I agree with the post above. For teachers, this can be a really huge factor - sometimes, it can be a bit frustrating whenever you are teaching the children or your students the proper way to spell words, and how to read them, yet, at the end of the class, these teachers do not know that the internet can greatly affect their spelling and the whole literacy of the children. I just hope that children and students alike will know the importance of literacy, and it is not "cute" if they spell things incorrectly on purpose.

  • ebooks from Clickbank

    I know that the internet has serve as well, feeding us information that would surely help us with just a click away. But we should not forget the importance of reading books from our library becasue it is where we will really find first hand information.

  • ZuluTrade forex blog

    Having the technology of the internet has rapidly affect in our lives..It's effect to the youth today has been so obvious that sometimes they can not do a research without surfing the net.I am thankful that we have this kind of technology but we should not forget that reading books is still important because this is where we can find more information than the internet.

  • PR1 - 5 Links

    It is true that the internet has given us information with just one click away, but it is also true that it affects our reading and writing habits. We are now very dependable on the information that we are getting in the internet.

  • Teknoloji haberleri

    The internet had played a very important role when it comes to studying - research and other information that is needed can be easily found. However, I must agree that because of the internet, writing, reading and even sentence construction on teenagers (or sometimes even adults) may have some problems.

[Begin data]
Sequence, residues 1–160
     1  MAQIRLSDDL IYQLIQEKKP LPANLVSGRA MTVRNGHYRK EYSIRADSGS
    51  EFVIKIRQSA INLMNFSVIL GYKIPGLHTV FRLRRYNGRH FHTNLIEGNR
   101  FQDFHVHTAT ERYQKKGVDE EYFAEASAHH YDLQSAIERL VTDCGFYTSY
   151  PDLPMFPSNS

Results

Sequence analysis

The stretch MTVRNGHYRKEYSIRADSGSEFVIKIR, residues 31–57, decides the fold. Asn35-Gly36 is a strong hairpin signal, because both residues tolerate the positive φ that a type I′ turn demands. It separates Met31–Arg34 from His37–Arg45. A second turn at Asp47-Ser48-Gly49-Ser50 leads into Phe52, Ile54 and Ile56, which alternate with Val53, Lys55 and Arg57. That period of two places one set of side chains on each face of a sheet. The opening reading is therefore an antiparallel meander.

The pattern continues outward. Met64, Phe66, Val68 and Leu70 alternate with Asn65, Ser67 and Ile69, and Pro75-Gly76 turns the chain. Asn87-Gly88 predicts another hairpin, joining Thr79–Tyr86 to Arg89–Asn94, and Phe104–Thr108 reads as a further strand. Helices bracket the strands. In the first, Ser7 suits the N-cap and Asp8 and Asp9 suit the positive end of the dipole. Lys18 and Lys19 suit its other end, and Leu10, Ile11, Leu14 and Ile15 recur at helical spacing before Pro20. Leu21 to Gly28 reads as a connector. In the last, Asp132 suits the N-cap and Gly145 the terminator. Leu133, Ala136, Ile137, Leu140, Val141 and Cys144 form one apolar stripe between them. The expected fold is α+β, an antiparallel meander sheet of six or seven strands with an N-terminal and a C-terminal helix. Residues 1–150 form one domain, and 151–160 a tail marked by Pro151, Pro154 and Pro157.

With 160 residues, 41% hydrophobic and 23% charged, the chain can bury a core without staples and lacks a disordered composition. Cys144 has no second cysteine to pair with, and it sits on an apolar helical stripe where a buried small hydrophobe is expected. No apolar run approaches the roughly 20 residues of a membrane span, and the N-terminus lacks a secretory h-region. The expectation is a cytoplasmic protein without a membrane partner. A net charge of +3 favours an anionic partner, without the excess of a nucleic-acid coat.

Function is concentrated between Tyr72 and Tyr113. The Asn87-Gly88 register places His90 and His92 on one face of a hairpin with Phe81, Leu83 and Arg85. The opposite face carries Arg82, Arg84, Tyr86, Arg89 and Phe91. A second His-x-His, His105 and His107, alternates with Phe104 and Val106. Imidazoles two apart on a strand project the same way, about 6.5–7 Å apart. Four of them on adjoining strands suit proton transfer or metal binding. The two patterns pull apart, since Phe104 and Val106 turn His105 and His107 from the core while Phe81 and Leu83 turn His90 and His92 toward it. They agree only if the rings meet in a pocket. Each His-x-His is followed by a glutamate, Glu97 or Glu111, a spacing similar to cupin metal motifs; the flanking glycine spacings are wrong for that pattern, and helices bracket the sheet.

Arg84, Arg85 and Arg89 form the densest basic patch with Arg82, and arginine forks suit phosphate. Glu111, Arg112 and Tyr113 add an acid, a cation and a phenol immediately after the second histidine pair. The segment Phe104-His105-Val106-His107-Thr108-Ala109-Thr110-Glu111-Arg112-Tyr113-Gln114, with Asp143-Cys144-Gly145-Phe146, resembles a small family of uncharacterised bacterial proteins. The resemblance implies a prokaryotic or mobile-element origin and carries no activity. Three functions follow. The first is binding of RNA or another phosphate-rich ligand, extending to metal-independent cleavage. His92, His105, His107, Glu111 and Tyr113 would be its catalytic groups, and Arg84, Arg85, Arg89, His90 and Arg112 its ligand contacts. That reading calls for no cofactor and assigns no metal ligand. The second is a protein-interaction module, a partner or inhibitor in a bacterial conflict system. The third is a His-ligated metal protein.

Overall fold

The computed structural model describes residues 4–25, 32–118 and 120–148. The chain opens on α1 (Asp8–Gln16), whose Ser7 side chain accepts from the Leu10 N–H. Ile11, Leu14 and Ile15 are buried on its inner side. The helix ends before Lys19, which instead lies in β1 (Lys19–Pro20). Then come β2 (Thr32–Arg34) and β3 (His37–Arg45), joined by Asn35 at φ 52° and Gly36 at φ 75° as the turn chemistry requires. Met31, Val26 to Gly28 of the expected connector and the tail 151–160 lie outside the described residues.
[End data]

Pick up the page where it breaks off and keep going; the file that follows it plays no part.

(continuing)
• nails

    Yes I do believe that since the introduction of the internet in our society we have been so induced on using it. It is also true that the effect is seen world wide amongst our children and us as adults. But we must not forget that we must not depend on technology itself alone. We should not forget to read books because they too has some answers t o give us.

  • BOOKMAKERS SIGNUP BONUS

    I always use the net as a source to my projects and research because it lessen the effort of going to the library to borrow a book. But I do agree with the author that the internet has a great effect on our critical reading and how we write.

  • Thomas

    I really agree on this. Internet had created a big impact on the literacy skills of people nowadays. Even the kids.... Thomas @ <a href="http://omahahvac.net/blog/maintenance-your-heat-pump-air-conditioner-or-furnace-it-nessisary">omaha heat pumps</a>

  • HVAC Richmond

    Human beings are human beings. They say what they want, don't they? They used to say it across the fence while they were hanging wash. Now they just say it on the Internet.

Leave a comment

Feb 23 2010

Email Subscribe

Featured Posts

Blog Authors

back to top